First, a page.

As such, it was interesting to note that the issue of media influence was not among the topics discussed at a groundbreaking meeting on corruption and transparency between parliamentary party leaders on Tuesday. Perhaps it was just an oversight – for Greece’s sake, we should hope so because, as Berlusconi has shown in Italy, when the media and the political system fuse into one, it results in something more painful for the country than just a bloody nose.

This commentary was written by Nick Malkoutzis and first appeared in Athens Plus on December 18, 2009.

Bringing down the walls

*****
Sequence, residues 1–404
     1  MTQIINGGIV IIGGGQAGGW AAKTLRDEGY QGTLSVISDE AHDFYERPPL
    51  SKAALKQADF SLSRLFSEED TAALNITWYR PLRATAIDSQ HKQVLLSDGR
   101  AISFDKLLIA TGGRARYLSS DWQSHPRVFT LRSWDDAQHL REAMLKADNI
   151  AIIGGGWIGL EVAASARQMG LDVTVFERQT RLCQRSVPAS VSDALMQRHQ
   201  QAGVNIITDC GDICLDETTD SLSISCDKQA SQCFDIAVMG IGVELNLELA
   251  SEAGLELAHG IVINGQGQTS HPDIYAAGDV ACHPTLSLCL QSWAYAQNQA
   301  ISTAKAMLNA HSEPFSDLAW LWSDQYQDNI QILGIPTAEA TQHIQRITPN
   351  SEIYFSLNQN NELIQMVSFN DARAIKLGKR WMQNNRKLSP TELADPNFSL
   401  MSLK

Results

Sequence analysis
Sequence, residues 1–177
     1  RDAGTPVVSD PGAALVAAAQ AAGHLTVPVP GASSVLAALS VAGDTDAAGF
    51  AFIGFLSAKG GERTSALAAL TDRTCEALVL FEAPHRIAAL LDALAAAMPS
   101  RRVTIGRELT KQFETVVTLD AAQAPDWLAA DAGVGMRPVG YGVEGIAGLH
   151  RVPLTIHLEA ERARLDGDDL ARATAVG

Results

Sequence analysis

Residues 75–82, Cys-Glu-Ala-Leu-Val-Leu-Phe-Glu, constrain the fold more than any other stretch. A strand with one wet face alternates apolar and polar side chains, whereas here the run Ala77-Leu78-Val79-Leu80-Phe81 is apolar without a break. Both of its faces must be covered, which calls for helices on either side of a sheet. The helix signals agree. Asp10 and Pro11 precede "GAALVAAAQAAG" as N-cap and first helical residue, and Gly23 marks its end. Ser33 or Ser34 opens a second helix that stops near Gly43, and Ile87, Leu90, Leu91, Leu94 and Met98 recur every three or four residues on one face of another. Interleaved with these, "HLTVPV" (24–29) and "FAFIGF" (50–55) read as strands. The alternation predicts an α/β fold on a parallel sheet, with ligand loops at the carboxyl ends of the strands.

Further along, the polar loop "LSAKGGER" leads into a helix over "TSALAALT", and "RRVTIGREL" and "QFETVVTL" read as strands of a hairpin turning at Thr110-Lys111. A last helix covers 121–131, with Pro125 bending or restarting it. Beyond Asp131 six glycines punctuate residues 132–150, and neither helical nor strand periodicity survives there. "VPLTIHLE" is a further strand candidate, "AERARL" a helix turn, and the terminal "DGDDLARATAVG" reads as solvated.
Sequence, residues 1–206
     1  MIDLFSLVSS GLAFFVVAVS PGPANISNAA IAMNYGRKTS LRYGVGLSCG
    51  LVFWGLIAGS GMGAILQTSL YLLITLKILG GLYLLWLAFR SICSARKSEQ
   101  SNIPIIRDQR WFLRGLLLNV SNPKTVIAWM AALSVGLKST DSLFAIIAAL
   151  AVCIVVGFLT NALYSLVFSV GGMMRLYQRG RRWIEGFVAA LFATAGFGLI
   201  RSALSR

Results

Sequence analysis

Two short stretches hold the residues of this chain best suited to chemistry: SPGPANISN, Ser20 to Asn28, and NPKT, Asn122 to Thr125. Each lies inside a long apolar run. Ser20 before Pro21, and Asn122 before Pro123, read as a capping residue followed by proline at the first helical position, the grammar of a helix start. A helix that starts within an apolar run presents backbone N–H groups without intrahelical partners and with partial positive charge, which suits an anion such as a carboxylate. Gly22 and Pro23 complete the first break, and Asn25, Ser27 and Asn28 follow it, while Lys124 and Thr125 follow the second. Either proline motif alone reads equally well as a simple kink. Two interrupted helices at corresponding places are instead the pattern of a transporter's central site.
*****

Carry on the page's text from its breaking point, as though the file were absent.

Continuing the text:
Illustration by Manos Symeonakis

Illustration by Manos Symeonakis

It’s one of life’s great ironies that the people who would derive most satisfaction from anniversary celebrations are rarely around to enjoy them. So, while German Chancellor Angela Merkel took ex-Polish President Lech Walesa and former Russian leader Mikhail Gorbachev by the hand for a walk through a unified Berlin on Monday to mark 20 years since the fall of the Wall, several key figures were absent.

Late US President John F. Kennedy, who made it clear that America would stand by West Berlin with his “Ich bin ein Berliner” speech in 1963 is an obvious absentee. But perhaps the person that would have enjoyed Monday’s proceedings most was a man who shared the platform with Kennedy on that June afternoon: the late mayor of West Berlin and subsequent Chancellor of Germany Willy Brandt.